Reference: https://social.technet.microsoft.com/Forums/windows/en-US/16378967-8a39-4aef-85e4-d859a71648d3/hide-user-accounts-on-windows-7-logon?forum=w7itproui

X:\a_no_backup\dl\M_M\usb_drive_copy\tech\windows\batch_files\hide_user_frome_welcome_screen.bat.txt


Use Hidden account–Shift click run as

To get a prompt that includes a username and password field from within Windows 7 — even in a Standard (non-Administrator) account follow these steps.

  1. While holding down the Shift key, right-click the program you want to run.
  2. Select “Run as a different user.”
  3. Type the username and password of the hidden account.

Note: this does NOT work for disabled user accounts, like the built-in Administrator account.

This DOES work for hidden (but still enabled) user accounts.

BUT this did not work for me 4/9/2016 from a user account that has no password (the dest acct does have a password)

The following did work:

runas /user:USERNAME "C:\Windows\system32\notepad.exe"

Reference: http://www.sevenforums.com/general-discussion/32109-logging-hidden-administrator-account.html
Reference: http://www.sevenforums.com/tutorials/419-run-different-user.html


“Classic” logon screen where you have to type user AND password

Local Security Policy secpol.msc or gpedit.msc

Local Group Policy editor gpedit.msc

  • Local Computer Policy
    • Computer Configuration
      • Windows Settings
        • Security Settings
          • Local policies
            • Security Options
              • Interactive Logon: Do not display last username : Enabled means classic login; Disabled (or not defined? means classic windows 7 user buttons)

Local Security Policy secpol.msc

  • Security Settings
    • Local policies
      • Security Options
        • Interactive Logon: Do not display last username : Enabled means classic login; Disabled (or not defined? means classic windows 7 user buttons)

Or,

regedit HKEY_LOCAL_MACHINE\SOFTWARE\Microsoft\Windows\CurrentVersion\Policies\System\dontdisplaylastusername set to 1

Reference: http://www.sevenforums.com/tutorials/61650-log-user-name-password.html


change windows logon background image

This is not the desktop background wallpaper. It’s only seen during login/logout. It is a similar blue image with swooshes by default in Windows 7. But not the same. The login/out image does not have the MS logo in the middle, eg.

You might use this to instruct to hold SHIFT while logging on (see above).

I found the default login/out background 2 places. Only in winxsx folders–weird, I think:

C:\Windows\winsxs\amd64_setup-uxwizard-clientimages_31bf3856ad364e35_6.1.7600.16385_none_a4cc3ba14850df9e\background.bmp

C:\Windows\winsxs\x86_setup-uxwizard-clientimages_31bf3856ad364e35_6.1.7600.16385_none_48ada01d8ff36e68\background.bmp

Either

  1. regedit

    HKEY_LOCAL_MACHINE\SOFTWARE\Microsoft\Windows\CurrentVersion\Authentication\LogonUI\Background\OEMBackground 1

    (might not exist; just create it)

    or

  2. gpedit.msc -> Computer Configuration\Administrative Templates\System\Logon

    “Always use custom login background.”
    set to “Enabled”

    Put image here:
    C:\Windows\System32\oobe\info\backgrounds\backgroundDefault.jpg

    must be that exact filename. There are some variations on names using image size numbers I found online.

    oobe folder might not exist; just create it. oobe stands for “Out of Box Experience” ie first time you start up a new Windows PC.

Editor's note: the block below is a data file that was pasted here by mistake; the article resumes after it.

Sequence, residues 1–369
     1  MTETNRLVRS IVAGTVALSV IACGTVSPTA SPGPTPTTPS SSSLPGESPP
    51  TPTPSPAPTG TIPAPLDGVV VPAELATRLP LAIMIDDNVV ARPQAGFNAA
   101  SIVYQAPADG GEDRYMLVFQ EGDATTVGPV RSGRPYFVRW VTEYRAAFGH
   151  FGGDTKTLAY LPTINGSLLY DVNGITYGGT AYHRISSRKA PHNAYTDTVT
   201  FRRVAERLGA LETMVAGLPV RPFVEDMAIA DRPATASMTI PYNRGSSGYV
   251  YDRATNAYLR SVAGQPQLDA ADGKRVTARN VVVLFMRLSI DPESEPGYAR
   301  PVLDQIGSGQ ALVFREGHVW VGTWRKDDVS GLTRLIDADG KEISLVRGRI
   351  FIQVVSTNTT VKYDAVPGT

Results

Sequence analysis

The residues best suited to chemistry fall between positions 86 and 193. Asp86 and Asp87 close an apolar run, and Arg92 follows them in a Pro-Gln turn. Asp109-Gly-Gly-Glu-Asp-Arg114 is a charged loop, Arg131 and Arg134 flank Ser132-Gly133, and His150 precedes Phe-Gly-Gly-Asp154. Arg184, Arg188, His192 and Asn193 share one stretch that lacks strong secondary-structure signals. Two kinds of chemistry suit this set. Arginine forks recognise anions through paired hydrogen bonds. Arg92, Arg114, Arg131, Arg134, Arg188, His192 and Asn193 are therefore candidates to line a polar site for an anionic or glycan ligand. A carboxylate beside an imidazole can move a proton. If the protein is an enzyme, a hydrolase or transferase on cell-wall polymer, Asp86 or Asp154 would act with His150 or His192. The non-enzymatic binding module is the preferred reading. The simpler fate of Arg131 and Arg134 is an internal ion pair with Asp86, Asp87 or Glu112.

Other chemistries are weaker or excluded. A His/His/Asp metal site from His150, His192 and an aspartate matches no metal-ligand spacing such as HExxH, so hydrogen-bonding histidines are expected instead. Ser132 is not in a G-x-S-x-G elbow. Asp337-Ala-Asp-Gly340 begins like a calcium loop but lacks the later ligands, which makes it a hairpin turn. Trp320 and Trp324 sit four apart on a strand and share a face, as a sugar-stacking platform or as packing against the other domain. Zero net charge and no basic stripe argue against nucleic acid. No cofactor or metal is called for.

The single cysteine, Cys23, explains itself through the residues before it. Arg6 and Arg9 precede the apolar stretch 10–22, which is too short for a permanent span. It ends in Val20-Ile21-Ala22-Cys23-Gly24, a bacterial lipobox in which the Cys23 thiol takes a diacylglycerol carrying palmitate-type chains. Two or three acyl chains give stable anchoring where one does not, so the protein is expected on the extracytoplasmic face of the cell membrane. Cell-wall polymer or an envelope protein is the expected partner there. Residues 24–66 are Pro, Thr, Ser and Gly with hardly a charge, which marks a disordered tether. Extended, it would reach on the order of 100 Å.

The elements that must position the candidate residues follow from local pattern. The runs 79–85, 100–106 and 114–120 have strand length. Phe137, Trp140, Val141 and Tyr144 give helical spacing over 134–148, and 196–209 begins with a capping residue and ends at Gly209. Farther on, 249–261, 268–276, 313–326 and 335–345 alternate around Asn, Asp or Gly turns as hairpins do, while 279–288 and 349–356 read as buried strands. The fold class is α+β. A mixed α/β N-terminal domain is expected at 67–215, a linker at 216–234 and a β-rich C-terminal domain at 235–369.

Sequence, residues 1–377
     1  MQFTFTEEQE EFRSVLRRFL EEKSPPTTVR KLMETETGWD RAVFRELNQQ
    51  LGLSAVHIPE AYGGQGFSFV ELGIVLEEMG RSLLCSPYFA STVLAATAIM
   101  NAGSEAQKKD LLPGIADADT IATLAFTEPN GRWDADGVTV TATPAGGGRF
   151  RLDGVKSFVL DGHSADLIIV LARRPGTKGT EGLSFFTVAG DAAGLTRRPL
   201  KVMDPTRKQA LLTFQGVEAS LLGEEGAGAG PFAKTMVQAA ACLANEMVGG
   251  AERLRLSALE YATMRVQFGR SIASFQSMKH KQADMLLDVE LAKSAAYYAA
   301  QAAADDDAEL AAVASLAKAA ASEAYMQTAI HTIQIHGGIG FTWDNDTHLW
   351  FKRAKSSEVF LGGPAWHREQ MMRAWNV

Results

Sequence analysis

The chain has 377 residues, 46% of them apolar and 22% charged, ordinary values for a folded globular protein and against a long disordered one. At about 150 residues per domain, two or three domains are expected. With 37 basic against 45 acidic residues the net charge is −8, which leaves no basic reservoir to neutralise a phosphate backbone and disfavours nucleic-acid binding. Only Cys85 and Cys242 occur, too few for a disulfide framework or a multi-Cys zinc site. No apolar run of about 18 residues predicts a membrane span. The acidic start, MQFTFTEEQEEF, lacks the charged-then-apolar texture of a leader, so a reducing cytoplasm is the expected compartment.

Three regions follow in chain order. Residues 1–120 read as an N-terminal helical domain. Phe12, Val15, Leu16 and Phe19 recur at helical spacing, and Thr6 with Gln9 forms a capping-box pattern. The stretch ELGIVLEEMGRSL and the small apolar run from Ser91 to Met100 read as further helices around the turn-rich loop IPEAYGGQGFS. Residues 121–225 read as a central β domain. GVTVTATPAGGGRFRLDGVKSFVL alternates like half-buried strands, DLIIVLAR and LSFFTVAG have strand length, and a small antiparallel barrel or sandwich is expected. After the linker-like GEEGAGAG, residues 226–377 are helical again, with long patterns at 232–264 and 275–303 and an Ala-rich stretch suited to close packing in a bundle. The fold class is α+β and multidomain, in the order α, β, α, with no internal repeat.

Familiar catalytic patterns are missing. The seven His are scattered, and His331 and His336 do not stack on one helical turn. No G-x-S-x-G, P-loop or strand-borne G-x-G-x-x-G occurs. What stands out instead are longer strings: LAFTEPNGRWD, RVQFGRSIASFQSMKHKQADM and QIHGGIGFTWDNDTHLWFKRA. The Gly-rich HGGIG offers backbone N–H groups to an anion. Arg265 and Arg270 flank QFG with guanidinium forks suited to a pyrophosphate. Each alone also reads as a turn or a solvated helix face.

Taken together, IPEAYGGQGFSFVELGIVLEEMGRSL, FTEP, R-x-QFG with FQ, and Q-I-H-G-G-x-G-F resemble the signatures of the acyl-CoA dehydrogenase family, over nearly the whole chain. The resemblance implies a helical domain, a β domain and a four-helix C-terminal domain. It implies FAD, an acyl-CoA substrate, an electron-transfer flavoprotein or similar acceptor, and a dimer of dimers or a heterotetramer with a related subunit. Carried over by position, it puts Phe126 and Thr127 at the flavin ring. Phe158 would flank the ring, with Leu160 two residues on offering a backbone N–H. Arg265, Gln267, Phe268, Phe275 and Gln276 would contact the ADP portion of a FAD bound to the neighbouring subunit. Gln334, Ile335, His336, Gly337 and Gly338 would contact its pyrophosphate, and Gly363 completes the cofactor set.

Reference: https://www.howtogeek.com/112110/how-to-set-a-custom-logon-screen-background-on-windows-7/

    Reference: https://www.sevenforums.com/tutorials/5382-log-screen-change.html

Updating Quickbooks



Every couple years, you need to update Intuit’s Quickbooks.

Quick Summary of how-to:

  • make backup using old version
  • install new version
  • move file local to new version (if normally on net share; they’re picking about net access)
  • Let new version convert (will also make a backup)
  • move file back o net location (if normally on net share)

Some key quotes from Intuit Quickbooks support:

When you open your company file in a newer version, QuickBooks asks if you want to update or convert the QuickBooks company file.
Company file compatibility between QuickBooks versions

So, generally Quickbooks handles the compnay file conversion for us.

Before updating or converting a company file, QuickBooks requires you to make a backup of the existing file in case you need to revert back to this file and or to the older version of QuickBooks. We recommend saving this file in a safe location with a name that is recognizable as the pre-conversion backup, for example: John Smith Car Repair - QB2010.QBB. For more information see Update (convert) your company file to a newer version of QuickBooks
Company file compatibility between QuickBooks versions

QB will make the backup for you, but, make one yourself before installing the new version. I concur the backup file should be named to indicate it was pre-NEW VESION.

If you update or convert a company file, enter transactions in the converted file, and then decide to revert back to the old version and old backup file, you will need to be manually re-enter those transactions. There is no way to export the newer transactions into the older file or to merge these files using QuickBooks. Additional solutions may be available at Marketplace.Intuit.com.
Company file compatibility between QuickBooks versions

That’s something to keep in mind.

Do not update over a network.

Be sure the company data file is stored on the same computer you are using to update it. You might need to copy the file from another computer, and then copy it back after you finish updating it.